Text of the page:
Dissertations and Theses @ UNI


Open Access Dissertation


Teacher turnover--Prevention; Teachers--Attitudes; Teachers--Job satisfaction; Teachers--Job stress;


Teachers are unhappy, stressed, and leaving the field at an alarming rate. This paper analyzes how teacher happiness is related to resilience and retention. It also looks for patterns that identify what happy teachers do differently at work. To complete this investigation, current K-12 public school teachers throughout Iowa completed electronic surveys that assessed their happiness, resilience, and work life. These surveys included the Subjective Happiness Scale (Lyubomirsky & Lepper, 1999), the Brief Resilience Scale (Smith, et al., 2008), and 14 additional survey questions created by the researcher. Correlational, comparative, and descriptive analyses were completed to examine potential relationships and patterns in the data.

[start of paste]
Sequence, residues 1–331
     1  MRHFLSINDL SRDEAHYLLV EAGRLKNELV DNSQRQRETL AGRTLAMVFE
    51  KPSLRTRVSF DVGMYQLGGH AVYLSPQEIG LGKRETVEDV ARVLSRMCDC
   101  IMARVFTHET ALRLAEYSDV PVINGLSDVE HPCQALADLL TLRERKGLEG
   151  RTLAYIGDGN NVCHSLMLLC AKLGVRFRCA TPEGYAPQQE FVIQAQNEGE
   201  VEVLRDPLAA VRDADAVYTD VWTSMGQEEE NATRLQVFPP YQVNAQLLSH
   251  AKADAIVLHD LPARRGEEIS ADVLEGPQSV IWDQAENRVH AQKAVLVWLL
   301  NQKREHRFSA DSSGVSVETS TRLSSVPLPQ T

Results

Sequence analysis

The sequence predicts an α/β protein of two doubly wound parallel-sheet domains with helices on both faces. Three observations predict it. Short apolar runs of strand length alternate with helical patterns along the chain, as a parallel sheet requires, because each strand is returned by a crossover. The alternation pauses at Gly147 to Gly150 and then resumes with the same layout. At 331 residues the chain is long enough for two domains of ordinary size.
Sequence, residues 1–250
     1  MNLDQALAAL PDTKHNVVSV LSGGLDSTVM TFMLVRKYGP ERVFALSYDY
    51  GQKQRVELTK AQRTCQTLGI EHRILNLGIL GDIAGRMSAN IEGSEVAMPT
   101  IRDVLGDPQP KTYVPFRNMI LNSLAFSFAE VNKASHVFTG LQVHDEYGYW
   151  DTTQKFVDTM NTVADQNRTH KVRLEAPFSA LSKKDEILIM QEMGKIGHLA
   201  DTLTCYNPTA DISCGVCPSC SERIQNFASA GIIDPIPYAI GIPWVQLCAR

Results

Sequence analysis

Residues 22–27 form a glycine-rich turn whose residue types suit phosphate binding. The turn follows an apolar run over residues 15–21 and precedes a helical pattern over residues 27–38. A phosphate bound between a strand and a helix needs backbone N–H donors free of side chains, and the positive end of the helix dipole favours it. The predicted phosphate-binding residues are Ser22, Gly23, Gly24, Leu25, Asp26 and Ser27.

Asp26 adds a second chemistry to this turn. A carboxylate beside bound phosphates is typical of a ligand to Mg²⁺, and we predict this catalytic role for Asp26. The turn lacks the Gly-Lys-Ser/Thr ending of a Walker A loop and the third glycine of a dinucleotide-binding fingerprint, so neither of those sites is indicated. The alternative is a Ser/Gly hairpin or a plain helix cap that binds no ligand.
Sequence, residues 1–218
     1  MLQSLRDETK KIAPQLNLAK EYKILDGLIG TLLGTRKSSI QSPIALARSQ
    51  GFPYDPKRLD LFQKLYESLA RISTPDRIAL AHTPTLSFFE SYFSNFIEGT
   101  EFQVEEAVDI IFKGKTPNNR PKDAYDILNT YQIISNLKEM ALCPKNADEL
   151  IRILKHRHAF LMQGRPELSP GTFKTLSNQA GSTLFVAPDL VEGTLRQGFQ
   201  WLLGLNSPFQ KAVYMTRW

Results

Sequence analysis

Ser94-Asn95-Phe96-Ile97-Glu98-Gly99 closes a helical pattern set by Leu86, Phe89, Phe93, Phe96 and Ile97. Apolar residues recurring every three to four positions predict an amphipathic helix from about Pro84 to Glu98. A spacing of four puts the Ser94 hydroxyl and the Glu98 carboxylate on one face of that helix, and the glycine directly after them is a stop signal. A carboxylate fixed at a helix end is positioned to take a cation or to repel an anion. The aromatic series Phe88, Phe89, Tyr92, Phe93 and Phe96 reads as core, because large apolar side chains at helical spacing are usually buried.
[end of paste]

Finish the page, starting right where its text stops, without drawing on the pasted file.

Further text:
Results showed a significant positive correlation between teacher happiness and resilience. Positive connections were also found between happiness and school culture and climate. In addition, teachers who participated in greater numbers of supportive practices at work were found to have significantly higher levels of happiness. These results indicate that happier teachers are better equipped to manage stress at work, which may help prevent them from leaving the field. Results also suggest that when school leaders provide adequate resources, a positive climate and culture to work in, and an opportunity to celebrate progress with their colleagues, teachers are happier. This paper provides evidence that when educator happiness is addressed and supported in the workplace, teachers flourish.

Year of Submission


Degree Name

Doctor of Education


Department of Educational Psychology, Foundations, and Leadership Studies

First Advisor

Robert Boody, Chair

Date Original


Object Description

1 PDF file (xi, 128 pages)



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